President Donald Trump has tested negative for the novel coronavirus a second time, he announced Thursday.
'This morning, the President was tested again for Covid-19, utilizing a new rapid point-of-care test capability. He is healthy and without symptoms,' White House physician Sean Conley said in a memo distributed by press secretary Stephanie Grisham just before the daily White House coronatask force briefing.
The note, given to reporters moments before the President appeared for Thursday's coronavirus task force briefing, said Trump had the results 15 minutes after taking the test.
Trump said he took the new test, which provides results in 15 minutes, 'really out of curiosity to see how quickly it worked, how fast it worked.'
'I did take a test. It just came out, this is from the White House physician,' Trump said at the briefing while holding up the memo.
'I just took it this morning. And I took it, it took me literally a minute to take it and it took me -- I guess it was 14 or 15 minutes (for results). I went to work, I didn't wait for it, but it said it took 14 minutes or something with a conclusion and it said the President tested negative for Covid-19.'
News that the President has been tested twice -- he first tested negative for the virus in mid-March after coming into contact with two individuals who had tested positive -- underscores the unique challenge facing the White House as officials grapple with both how to contain the virus outbreak and take steps to avoid spreading it in the executive branch.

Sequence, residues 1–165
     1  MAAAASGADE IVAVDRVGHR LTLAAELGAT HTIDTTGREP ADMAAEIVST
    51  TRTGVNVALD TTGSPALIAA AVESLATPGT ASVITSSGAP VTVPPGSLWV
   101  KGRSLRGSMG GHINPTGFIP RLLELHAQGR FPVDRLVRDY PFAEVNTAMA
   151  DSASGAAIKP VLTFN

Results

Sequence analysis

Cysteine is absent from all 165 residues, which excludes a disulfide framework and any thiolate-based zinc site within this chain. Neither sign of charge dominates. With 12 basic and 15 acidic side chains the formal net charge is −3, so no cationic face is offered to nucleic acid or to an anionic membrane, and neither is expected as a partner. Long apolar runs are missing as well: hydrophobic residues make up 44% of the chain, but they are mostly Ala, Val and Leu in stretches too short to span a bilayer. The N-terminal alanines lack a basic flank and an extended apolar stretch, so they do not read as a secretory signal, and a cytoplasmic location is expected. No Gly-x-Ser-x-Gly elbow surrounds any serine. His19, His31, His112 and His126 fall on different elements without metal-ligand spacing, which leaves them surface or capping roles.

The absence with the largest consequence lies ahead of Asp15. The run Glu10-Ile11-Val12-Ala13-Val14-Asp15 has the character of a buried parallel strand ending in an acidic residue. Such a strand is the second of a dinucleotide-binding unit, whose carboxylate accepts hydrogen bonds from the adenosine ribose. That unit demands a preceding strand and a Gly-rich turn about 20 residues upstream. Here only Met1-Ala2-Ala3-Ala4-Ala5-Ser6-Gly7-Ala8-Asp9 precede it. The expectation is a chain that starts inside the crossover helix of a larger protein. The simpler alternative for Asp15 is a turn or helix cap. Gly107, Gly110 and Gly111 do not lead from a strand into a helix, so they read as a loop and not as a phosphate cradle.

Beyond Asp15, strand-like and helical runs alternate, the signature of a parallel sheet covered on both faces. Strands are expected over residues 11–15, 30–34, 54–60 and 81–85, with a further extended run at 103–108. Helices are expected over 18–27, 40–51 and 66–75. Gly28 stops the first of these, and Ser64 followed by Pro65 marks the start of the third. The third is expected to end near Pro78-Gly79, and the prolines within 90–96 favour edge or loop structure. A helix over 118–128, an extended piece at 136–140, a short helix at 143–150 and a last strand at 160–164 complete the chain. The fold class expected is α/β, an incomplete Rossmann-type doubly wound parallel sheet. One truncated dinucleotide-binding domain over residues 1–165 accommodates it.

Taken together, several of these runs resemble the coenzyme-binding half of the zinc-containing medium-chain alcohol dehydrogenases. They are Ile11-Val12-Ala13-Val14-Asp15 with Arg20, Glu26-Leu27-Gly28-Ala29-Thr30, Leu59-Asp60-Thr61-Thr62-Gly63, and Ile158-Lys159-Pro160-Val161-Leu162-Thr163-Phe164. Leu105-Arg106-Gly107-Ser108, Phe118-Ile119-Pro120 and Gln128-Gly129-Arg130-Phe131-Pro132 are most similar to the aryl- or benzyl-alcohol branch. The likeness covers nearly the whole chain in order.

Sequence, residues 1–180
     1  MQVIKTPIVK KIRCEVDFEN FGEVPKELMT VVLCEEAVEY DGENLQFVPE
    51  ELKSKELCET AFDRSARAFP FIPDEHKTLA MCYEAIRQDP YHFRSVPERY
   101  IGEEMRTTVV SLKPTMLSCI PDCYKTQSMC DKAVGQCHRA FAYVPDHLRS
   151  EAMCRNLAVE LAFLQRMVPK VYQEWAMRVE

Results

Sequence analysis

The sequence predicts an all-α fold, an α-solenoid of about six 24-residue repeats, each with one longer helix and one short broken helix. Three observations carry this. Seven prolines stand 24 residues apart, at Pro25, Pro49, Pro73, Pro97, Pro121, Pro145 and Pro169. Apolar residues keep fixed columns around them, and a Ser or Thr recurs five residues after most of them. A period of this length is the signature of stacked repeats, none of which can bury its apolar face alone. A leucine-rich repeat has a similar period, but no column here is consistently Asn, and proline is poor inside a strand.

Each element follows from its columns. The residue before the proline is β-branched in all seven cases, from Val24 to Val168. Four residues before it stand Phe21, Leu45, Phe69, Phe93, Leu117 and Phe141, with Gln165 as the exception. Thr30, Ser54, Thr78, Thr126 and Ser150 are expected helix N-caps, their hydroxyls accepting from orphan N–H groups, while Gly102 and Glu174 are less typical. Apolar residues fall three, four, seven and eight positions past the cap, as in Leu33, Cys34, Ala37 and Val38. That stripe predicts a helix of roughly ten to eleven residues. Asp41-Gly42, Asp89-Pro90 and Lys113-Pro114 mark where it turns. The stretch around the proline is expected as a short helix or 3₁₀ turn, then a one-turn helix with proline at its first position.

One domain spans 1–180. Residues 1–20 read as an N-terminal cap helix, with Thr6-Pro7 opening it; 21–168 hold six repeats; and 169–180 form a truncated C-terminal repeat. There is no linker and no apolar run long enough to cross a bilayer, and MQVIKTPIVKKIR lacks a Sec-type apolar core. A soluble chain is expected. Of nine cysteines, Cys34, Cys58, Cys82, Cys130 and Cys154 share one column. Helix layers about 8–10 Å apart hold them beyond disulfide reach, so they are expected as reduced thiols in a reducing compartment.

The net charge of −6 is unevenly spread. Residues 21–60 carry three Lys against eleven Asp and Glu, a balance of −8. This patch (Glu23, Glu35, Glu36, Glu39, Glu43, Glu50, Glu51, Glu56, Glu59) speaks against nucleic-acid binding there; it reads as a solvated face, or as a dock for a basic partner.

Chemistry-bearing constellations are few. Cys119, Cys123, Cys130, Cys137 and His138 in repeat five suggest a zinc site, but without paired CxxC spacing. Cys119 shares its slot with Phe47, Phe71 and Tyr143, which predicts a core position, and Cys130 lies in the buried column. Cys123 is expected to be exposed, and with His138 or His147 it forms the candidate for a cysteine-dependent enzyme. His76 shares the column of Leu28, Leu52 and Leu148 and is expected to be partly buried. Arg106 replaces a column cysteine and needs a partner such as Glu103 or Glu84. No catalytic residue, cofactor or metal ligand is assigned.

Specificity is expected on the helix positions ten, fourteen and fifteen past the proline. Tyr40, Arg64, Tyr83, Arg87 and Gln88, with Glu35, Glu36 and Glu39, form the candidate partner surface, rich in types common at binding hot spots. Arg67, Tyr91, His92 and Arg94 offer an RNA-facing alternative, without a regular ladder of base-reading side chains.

The White House last month said it would begin conducting temperature checks on people who come in close contact with Trump and Vice President Mike Pence.
'Out of an abundance of caution, temperature checks are now being performed on any individuals who are in close contact with the President and vice president,' Judd Deere, deputy press secretary, said in a statement.
Thursday's press conference comes as more than a million cases of the virus have been confirmed worldwide and states across the country continue to hand down strict measures to slow down the spread of the virus.
Throughout the outbreak, health care workers, state officials and others have criticized the pace of coronavirus testing in the US as insufficient to enable timely quarantining of patients and to obtain an accurate understanding of the virus' scope.
In response, federal health officials approved a coronavirus test last month that can provide results in less than 15 minutes, using the same technology that powers some rapid flu tests.
The new diagnostic test could accelerate testing in the US, allowing for rapid results in doctors' offices. Though shortages of critical equipment used to collect patient specimens, like masks and swabs, could blunt its impact.
'It's a lot easier. I've done them both and the second one is much more pleasant,' he said of his second test.
Still, earlier this week Trump warned of a 'painful' and 'tough' two-week stretch ahead as he extended nationwide distancing measures that -- even if followed closely -- could still mean more than 100,000 and up to 240,000 Americans die from the outbreak.
'I want every American to be prepared for the hard days that lie ahead,' he said. 'We're going to go through a very tough two weeks.'
This story has been updated with additional information Thursday.